Norwegian pilots use an application that teaches pilots to fly more fuel-efficiently.

In its 2020-2023 environmental sustainability strategy, Norwegian informs that its sustainability priorities include:

  • Launching an environmental roadmap and sustainability strategy with new targets and initiatives.

  • Continuing to review the entire supply chain.

  • Continuing to reduce waste and plastics and recycle uniforms and other textiles.

  • Offering CO2 offsets to customers.

6. British Airways

Some sustainability efforts communicated by British Airways:

  • A roadmap to achieve net zero emissions by 2050 (partly through offsets).

  • Investment in new, modern aircraft that are up to 40% more efficient than the aircraft they replace.

  • Partnerships and investments to support the development of sustainable aviation fuels, zero-emission hydrogen-powered aircraft, and carbon capture technologies.

  • Declaration to be “the first airline in the world” to use SAF products on a commercial scale in the UK and commitment to operate 10% of all flights on sustainable aviation fuel by 2030.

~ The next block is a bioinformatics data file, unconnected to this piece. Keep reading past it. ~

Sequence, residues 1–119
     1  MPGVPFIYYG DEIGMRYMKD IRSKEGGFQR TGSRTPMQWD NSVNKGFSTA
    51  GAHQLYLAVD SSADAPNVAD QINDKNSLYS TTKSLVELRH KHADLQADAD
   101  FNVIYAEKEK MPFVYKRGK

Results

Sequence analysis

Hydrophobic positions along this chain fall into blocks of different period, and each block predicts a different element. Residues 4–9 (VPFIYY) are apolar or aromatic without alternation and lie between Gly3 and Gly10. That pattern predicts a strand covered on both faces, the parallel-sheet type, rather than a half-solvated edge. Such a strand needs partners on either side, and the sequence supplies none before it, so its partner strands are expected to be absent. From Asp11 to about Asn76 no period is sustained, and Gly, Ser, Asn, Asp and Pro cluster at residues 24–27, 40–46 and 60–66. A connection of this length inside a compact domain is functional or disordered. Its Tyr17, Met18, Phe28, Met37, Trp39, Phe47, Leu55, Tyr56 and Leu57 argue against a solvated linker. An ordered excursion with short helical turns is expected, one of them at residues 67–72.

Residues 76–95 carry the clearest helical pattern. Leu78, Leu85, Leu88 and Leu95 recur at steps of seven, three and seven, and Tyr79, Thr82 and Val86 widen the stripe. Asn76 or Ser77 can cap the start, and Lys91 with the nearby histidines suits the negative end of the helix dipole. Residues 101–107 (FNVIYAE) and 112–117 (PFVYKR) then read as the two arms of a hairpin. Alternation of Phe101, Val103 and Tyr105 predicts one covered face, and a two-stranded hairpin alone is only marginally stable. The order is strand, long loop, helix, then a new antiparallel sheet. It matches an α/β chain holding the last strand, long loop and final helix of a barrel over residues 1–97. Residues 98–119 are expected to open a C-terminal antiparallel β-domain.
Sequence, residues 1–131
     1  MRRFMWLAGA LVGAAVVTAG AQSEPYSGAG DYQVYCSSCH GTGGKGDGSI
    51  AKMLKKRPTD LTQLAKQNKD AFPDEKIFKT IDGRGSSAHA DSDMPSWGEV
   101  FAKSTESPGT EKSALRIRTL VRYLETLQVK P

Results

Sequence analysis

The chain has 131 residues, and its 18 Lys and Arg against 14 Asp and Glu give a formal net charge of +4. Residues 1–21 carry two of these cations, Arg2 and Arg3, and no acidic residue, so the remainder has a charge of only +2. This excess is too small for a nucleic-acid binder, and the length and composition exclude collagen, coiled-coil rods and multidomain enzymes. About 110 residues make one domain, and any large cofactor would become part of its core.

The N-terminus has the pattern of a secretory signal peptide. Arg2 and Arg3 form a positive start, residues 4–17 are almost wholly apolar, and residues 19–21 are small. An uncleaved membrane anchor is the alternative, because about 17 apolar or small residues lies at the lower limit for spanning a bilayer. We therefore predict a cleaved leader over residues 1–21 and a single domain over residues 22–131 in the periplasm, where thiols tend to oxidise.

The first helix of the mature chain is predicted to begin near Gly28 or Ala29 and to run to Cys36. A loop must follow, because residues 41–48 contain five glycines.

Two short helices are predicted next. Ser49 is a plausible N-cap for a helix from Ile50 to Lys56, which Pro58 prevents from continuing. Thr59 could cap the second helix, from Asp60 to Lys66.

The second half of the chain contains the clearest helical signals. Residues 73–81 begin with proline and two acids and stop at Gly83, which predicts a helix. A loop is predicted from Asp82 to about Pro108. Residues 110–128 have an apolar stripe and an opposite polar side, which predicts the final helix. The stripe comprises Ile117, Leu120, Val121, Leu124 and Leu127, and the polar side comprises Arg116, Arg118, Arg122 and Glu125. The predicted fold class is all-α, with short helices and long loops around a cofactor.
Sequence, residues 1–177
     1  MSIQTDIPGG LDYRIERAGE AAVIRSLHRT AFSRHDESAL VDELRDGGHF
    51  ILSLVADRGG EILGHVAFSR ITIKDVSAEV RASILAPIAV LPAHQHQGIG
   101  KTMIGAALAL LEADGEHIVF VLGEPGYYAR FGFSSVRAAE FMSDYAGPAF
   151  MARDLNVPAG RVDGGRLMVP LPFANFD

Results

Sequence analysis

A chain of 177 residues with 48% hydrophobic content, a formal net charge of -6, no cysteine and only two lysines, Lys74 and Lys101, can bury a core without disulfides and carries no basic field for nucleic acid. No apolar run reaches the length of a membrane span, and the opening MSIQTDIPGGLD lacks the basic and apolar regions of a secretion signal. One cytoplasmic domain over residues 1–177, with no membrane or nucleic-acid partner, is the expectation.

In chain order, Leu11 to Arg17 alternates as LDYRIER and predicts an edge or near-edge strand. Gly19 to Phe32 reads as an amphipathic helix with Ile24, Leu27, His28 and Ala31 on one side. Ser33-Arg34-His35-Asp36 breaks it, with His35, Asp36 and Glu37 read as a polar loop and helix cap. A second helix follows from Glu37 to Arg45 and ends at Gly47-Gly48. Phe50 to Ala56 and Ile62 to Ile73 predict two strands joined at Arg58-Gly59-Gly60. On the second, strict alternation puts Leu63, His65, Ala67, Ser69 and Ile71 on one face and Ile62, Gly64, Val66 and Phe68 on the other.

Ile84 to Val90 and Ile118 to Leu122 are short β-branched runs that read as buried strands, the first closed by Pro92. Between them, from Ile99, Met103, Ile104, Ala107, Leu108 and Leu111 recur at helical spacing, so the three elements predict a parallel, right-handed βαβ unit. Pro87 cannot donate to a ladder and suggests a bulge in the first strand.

• Offsetting all flights within the UK.

  • Carbon footprint calculator and offsetting option for passengers.

  • Option to buy sustainable aviation fuels.

  • Commitment to reduce single-use plastic and food waste.

  • Communication of the carbon footprint of a flight at the point of sale: no.
British Airways sustainability policy.
British Airways sustainability policy.

British Airlines has partnered with Velocys and LanzaJet to support the development of sustainable aviation fuels, and has invested in ZeroAvia – a company working to develop aircraft with more than 50 seats that can run on zero-emission hydrogen electric power.

7. airBaltic

Some sustainability efforts communicated by airBaltic:

  • Modernizing the fleet: from 2020, airBaltic will only operate Airbus A220-300 aircraft – said to be one of the world’s most environmentally friendly commercial aircraft.

  • Optimization of landing procedures, which, along with the fleet modernization, allowed to reduce carbon emissions released per passenger km flown by 33% compared to 2008.

  • Emissions calculator for the Airbus A220-300 on the website.

  • Increase in the use of SAFs by 20% in 2021 compared to 2020.

  • Guide for passengers on greener travel.

  • Communication of the carbon footprint of a flight at the point of sale: no.
AirBaltic on Airbus A220-300 emissions.